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Technological development related to decommissioning


What is a cesium ball?

Particles that are glassy with a size of about 1 μm to 1 mm and contain a relatively large amount of cesium, which are difficult to dissolve in water, are called insoluble cesium particles. The cesium ball is a common name for the smaller and spherical ones. In the accident at TEPCO's Fukushima Daiichi Nuclear Power Station, it was confirmed that this cesium ball was released during a limited period in the early stages of the accident.。

Emission of insoluble cesium (Cs) particles was detected in environmental samples collected during the early stage of the TEPCO’s Fukushima Daiichi NPS (1F) accident. Particles with diameters of 1 µm to 1 mm were particular ejecta of the accident.
There were at least two types of particles of which the main element is silicate (Fig.1)

Two types of radioactive insoluble cesium particles

Fig.1 Two types of radioactive insoluble cesium particles
Type A is a few µm in diameter and has been observed extensively in eastern Japan, including the Tokyo Metropolitan Area.
Type B has a larger mean diameter and is found mainly in the vicinity of the 1F.

This silicate makes the particles insoluble in water. Type A is a few µm in diameter and contains a small amount of radioactive Cs within it. However, the concentration of Cs is so large that characteristic X-rays can be detected using energy-dispersive X-ray spectrometry (EDS), which has a much higher detection limit than other methods. By contrast, Type B particles are hundreds of microns in size and can be see with the naked eye, but the concentration of Cs is lower than in Type A. The radioactivity concentration per unit volume is called the specific radioactivity, but in order to clarify the above relationship, when two kinds of particles are illustrated by the particle volume and the Cs concentration contained, the inclination of Type B is smaller than that of Type A. The results of previous studies ( and in Fig.2) of particles considered to have been released at the same time (midnight on March 14) as Type A also agreed with specific radioactivity relationships.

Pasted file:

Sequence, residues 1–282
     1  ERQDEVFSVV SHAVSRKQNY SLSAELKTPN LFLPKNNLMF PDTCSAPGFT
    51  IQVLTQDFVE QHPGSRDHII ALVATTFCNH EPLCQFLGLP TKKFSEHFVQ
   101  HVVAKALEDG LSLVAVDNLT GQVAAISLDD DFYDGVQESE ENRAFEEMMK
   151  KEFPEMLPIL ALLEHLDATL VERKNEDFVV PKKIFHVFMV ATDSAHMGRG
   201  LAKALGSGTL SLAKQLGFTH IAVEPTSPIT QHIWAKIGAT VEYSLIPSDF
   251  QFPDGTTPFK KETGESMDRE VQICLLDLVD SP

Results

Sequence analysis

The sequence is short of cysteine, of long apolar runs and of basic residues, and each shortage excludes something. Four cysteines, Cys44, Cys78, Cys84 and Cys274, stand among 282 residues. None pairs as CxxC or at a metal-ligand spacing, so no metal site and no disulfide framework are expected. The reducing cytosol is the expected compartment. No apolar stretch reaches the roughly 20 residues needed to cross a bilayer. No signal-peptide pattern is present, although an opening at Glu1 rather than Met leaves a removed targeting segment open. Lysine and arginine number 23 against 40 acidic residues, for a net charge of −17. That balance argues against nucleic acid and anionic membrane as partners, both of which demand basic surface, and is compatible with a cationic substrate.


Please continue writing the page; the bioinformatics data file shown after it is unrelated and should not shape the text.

Particle volume vs. cesium concentration

Fig.2 Particle volume vs. cesium concentration
The specific radioactivity of Type A is larger than that of Type B.

Intermediate type-B particles and the results of energy-dispersive X-ray spectrometry (EDS)

Fig.3 Intermediate type-B particles and the results of energy-dispersive X-ray spectrometry (EDS)
(a) Attached fiber-silicate materials and melted fibers were observed. (b) EDS spectra of the standard type of heat insulator and the Type B particle were consistent.

Type-B particles with low specific radioactivity were confirmed to have been released by the 1F Unit 1 reactor hydrogen explosion on March 12. Moreover, Type-B particles were deposited over a limited region north of the polluted nuclear plant immediately after the explosion took place. Observing Type B, fibrous silicate compounds were confirmed to adhere surface (Fig.3(a)). Based on this discovery, we investigated the silicate compounds used around the reactor building. The elemental composition of the heat-insulating material used inside the building and the constituent elements of Type B nearly agreed (Fig.3(b)). This result shows that cesium filled in the reactor building, adsorbed onto fibrous insulation made of silicate compounds, shrunk, spread due to the hydrogen-explosion heat and the blast, and scattered as Type-B particles into the environment. On the other hand, Type-A particles, whose generation process has many unknown features due to their high specific activity, are a subject for further study.